This article was featured in the July 2017 issue of Santa Barbara Lawyer Magazine 

By: Michelle P. Baca, PhD – Business Development & Marketing Manager, CIO Solutions


Our company sells a Cloud Desktop solution. We tout it as a solution for productivity, as a technology that means you can work anywhere that has an internet connection and  anytime. The Cloud is fantastic for people who work remotely or who work flexible hours. The downside is that it contributes to the ubiquity of work in our daily lives. As we strive more and more for a balance between work and life, we have to wonder whether technology that makes it easier to work when we are not physically at work is actually making our lives better or worse. As we make advances in technology and as the workplace becomes increasingly looser the question of work-life balance becomes more urgent.

Most strategies for work-life balance prescribe clear delineations between work and not work. They advise leaving work at work and not letting it bleed into home or personal life. These strategies espouse not checking email over vacation or shutting off notifications after 5:00pm. As it turns out trying to balance work and life is actually more stressful than either actual work or actual life.

In an article from August 2016 in The Harvard Business Review titled, “Research: Keeping Work and Life Separate is More Trouble than It’s Worth” David Burkus explains,

It’s true that for some time, the best advice on work-life balance was to create stiffer boundaries between both. But new research suggests that maintaining strict distinctions between work roles and home roles might actually be what is causing our feelings of stress to set in. Instead of leaving work at the office and home at the door, integrating both might be a better strategy for enhancements in well-being and performance.

The current best advice then tells us to abandon balancing in favor of blending. Do everything, take a work call at 7:30pm and check your email on vacation.  This new thinking rooted in the realization that balance is next to impossible focuses on a strategy that blends tasks and emphasizes increasing resilience around task switching. Burkus utilizes the psychological idea of “cognitive role transition” to explain why switching tasks is so taxing. He says, “When you’re actively engaged in one role, but experience thoughts or feelings related to a different role, you’re experiencing a cognitive role transition. Often these transitions are easy and fleeting…but the more separate the roles in your life, the bigger the transition.” So most of the stress of managing work and life lies in the drastic transition  between work tasks and life tasks. This is why total separation and hard boundaries between work and home have been such a big part of the popular discourse. Basically, if cognitive role transition is difficult, then limit your amount of transitions.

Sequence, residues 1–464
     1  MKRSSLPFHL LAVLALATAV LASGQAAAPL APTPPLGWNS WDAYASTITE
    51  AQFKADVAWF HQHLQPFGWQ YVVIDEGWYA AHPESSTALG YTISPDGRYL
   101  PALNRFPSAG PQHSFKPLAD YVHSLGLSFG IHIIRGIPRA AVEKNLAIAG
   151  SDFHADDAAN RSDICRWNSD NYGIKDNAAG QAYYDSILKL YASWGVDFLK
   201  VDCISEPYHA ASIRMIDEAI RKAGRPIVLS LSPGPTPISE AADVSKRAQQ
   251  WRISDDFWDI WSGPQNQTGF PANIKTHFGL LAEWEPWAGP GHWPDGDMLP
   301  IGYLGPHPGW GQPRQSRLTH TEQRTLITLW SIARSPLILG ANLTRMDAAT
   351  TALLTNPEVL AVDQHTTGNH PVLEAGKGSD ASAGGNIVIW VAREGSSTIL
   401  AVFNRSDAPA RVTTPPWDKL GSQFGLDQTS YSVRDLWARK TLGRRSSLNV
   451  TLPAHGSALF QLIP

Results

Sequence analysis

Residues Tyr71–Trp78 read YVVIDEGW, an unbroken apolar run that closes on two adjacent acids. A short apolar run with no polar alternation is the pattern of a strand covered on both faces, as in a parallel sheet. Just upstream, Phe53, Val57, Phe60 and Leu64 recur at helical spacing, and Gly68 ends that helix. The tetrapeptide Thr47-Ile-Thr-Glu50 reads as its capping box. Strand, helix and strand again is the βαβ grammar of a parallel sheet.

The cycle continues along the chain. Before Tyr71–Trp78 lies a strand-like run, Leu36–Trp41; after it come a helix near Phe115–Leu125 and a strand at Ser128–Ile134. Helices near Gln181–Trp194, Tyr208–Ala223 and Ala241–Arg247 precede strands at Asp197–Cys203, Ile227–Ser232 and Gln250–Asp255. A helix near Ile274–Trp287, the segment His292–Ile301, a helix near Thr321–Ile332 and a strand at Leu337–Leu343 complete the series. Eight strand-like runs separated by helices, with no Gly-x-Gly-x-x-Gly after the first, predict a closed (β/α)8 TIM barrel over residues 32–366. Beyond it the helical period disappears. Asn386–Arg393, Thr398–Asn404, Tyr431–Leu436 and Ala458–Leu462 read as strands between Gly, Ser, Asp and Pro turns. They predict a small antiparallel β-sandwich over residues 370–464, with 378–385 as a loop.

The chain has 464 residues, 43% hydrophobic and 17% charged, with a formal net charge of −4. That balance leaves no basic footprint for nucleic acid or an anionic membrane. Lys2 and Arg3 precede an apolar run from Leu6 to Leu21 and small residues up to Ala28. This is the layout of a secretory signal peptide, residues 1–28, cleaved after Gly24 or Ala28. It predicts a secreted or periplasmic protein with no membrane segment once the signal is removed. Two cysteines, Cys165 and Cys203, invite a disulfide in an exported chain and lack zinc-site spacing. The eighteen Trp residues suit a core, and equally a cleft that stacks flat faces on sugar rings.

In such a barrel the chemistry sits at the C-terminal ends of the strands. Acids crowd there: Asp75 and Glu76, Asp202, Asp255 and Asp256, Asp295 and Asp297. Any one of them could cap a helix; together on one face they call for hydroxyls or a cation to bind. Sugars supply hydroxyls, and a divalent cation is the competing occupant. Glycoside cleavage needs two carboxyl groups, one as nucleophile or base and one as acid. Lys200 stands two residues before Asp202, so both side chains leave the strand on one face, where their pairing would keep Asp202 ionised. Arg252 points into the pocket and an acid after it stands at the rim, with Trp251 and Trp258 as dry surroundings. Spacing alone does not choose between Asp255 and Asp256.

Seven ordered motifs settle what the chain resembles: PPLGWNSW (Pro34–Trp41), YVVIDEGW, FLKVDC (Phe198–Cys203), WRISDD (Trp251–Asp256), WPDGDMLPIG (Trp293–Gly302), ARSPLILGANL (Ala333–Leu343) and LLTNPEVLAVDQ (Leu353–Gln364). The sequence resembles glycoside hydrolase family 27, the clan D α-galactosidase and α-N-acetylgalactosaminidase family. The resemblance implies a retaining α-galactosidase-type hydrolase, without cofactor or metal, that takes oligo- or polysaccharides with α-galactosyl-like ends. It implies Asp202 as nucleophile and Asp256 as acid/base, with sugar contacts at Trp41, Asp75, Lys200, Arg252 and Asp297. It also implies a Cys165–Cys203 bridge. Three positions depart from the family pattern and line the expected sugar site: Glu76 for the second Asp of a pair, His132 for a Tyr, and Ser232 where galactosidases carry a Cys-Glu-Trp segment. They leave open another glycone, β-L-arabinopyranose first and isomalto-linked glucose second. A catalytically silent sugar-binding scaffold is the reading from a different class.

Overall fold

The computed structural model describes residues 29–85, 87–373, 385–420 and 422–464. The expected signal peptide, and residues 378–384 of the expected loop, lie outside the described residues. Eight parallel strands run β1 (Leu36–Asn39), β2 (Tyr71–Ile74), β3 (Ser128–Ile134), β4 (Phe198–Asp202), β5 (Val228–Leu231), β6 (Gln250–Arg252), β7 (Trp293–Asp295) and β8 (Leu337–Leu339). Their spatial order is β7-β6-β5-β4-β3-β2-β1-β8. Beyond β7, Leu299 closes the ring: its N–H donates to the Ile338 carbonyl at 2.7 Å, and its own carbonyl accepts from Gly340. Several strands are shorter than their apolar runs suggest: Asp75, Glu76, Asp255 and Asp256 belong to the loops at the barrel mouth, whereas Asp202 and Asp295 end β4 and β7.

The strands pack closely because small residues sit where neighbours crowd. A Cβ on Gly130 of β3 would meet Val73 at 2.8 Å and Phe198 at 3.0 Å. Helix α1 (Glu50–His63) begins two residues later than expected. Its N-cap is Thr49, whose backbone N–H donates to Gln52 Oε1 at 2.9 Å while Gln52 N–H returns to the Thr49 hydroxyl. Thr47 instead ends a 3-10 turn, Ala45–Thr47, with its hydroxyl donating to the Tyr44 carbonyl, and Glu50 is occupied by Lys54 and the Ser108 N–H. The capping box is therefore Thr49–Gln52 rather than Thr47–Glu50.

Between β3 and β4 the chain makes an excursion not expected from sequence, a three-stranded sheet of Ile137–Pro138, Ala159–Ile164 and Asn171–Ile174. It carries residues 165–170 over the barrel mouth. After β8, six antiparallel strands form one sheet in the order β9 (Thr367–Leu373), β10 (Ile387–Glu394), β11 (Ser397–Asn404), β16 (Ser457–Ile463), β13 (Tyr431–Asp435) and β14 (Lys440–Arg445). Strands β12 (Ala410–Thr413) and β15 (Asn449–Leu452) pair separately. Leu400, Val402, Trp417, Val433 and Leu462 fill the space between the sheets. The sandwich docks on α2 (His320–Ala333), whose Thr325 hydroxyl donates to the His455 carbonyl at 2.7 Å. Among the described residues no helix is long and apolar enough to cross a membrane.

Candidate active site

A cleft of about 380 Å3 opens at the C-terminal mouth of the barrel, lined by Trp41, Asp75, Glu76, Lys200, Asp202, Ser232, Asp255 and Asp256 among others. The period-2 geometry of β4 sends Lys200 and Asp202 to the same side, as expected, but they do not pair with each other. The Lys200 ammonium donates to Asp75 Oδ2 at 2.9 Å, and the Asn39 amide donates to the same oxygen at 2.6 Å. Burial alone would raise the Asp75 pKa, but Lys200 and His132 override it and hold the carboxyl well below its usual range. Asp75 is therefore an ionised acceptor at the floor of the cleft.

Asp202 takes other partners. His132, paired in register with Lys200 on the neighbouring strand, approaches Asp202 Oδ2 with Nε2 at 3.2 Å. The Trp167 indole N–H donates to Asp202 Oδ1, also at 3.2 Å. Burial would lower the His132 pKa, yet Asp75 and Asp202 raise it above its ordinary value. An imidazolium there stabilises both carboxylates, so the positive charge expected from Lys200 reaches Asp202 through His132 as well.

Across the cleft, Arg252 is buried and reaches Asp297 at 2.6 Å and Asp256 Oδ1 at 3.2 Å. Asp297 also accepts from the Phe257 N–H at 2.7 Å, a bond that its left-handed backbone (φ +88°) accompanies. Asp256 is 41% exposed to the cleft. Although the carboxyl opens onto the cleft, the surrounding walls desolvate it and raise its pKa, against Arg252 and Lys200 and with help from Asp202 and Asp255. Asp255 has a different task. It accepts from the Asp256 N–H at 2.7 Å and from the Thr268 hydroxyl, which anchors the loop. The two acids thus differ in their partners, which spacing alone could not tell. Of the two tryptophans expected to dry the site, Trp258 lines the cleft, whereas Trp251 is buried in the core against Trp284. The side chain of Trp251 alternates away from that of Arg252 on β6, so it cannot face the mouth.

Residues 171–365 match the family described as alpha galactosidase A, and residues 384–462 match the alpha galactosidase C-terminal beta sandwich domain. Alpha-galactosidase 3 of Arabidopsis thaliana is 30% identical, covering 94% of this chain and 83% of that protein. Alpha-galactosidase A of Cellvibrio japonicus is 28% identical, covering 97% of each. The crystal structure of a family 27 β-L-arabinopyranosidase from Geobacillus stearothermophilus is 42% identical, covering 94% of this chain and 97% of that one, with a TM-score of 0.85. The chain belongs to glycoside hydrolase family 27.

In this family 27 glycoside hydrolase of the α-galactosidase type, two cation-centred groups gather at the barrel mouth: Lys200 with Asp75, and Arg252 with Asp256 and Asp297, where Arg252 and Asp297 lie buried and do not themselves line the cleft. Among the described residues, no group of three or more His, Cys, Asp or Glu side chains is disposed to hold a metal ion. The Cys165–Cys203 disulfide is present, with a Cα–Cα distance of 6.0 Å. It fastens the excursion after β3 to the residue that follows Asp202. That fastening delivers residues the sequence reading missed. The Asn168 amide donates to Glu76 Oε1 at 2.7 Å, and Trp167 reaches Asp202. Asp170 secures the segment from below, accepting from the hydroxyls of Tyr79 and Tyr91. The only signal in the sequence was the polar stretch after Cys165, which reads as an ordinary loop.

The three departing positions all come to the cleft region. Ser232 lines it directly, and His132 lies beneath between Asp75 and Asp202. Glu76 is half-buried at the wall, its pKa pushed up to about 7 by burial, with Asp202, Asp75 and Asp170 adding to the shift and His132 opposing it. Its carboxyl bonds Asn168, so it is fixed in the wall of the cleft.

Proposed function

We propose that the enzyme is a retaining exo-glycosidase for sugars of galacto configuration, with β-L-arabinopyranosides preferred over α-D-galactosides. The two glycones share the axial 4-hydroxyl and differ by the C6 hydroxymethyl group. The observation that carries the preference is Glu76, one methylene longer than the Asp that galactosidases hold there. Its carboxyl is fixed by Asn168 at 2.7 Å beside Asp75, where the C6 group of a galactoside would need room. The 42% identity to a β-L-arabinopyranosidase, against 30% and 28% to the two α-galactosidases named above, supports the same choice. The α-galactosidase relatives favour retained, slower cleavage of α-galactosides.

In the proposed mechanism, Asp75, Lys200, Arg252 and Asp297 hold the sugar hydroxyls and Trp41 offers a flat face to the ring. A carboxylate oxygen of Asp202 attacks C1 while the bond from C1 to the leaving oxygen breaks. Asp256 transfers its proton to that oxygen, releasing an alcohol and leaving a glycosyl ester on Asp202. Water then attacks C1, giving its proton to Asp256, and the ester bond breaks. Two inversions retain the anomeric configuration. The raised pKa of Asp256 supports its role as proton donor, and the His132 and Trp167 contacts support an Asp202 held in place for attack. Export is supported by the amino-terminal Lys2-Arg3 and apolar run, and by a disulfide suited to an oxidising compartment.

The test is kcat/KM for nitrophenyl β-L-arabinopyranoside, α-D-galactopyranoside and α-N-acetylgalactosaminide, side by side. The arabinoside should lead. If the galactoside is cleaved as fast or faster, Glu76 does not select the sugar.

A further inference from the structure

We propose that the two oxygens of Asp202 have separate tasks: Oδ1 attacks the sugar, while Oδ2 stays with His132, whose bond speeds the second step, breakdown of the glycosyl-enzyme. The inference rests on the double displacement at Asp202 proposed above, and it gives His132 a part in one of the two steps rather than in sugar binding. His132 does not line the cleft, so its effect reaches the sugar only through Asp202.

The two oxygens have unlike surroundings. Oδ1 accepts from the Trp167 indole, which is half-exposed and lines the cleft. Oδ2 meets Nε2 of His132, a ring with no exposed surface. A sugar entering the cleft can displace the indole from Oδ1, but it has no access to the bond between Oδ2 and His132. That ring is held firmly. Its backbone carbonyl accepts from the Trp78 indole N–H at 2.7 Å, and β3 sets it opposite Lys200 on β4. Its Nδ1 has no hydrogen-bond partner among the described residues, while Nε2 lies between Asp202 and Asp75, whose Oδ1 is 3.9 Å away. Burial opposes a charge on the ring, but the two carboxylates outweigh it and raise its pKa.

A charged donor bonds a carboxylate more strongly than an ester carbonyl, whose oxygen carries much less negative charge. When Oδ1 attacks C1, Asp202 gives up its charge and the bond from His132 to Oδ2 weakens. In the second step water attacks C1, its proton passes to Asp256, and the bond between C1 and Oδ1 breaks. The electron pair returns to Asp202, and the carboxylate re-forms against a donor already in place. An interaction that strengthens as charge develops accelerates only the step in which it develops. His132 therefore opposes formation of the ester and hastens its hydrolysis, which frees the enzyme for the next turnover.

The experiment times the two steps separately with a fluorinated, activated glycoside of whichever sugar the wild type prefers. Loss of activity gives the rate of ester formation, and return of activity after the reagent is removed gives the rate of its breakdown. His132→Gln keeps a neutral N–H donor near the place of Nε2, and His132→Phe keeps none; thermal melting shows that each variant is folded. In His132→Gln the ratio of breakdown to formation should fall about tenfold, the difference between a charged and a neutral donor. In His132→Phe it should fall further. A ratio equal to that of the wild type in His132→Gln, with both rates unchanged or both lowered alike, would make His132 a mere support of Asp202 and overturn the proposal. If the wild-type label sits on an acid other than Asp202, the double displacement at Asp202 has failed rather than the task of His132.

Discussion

Burkus, however, points out that “..blurring the boundaries and integrating work and life might better equip us to handle cognitive transitions while limiting the drain on our cognitive resources.” These transitions are pretty much inescapable, and so it behooves the modern worker to view these transitions as the norm. By blurring the boundaries between work and life one can build their resilience around task transitioning and ultimately reduce their stress. This new take on the subject isn’t simply a reversal of old adages, rather it examine an old question in the context of a rapidly changing workplace.

The modern workplace is becoming more flexible. More companies are allowing employees to work remotely either part or full time. More companies are allowing employees to work hours that reflect the natural flow of their individual productivity versus an arbitrary 9-5 day. These shifts in modern work require a shift in how we understand the relationship between work and life. Increased flexibility in working hours and location leads to deeper satisfaction and less stress for employees. In “How a Flex Time Program at MIT Improved Productivity, Resilience, and Trust,” from the Harvard Business Review in June 2016 author Peter Hirst examined how a part time remote worker program increased overall work satisfaction in the MIT Sloan School of Management where he worked.

He notes that flex time was initially introduced as a perk. As hiring top talent becomes increasingly competitive most companies look to make the job seem fun by adding ping pong and happy hours. Hirst’s department decided to add flexibility as a perk. By allowing employees to work remotely with unique hours they immediately decreased the stress associated with a work commute. Additionally employees were able to work regardless of the weather because they didn’t have to worry about commuting through a winter storm, this increased productivity. The most important impact though was that this flexible schedule made the employees feel trusted and respected by their employers. Hirst writes,

We trust our people to be professionals and understand what needs to be done, regardless of where they work. It’s easy to forget how traditional work practices like required office hours can often come off as a lack of trust for employees’ ability to get the job done. When surveying our staff, 62% recorded an improved feeling of trust and respect. Based on this stat alone, it’s clear to me that people who feel trusted will get their work done efficiently while improving overall morale and company culture.

It is ultimately reductive to wonder whether technology is making things better or worse. The fact of the matter is that technology is making things different. While smart phones and Cloud desktops make work more ubiquitous they also make it more flexible. More flexibility all around is overwhelmingly positive. By developing resilience around cognitive role transition we will be better equipped to reap the benefits of a new flexible work place.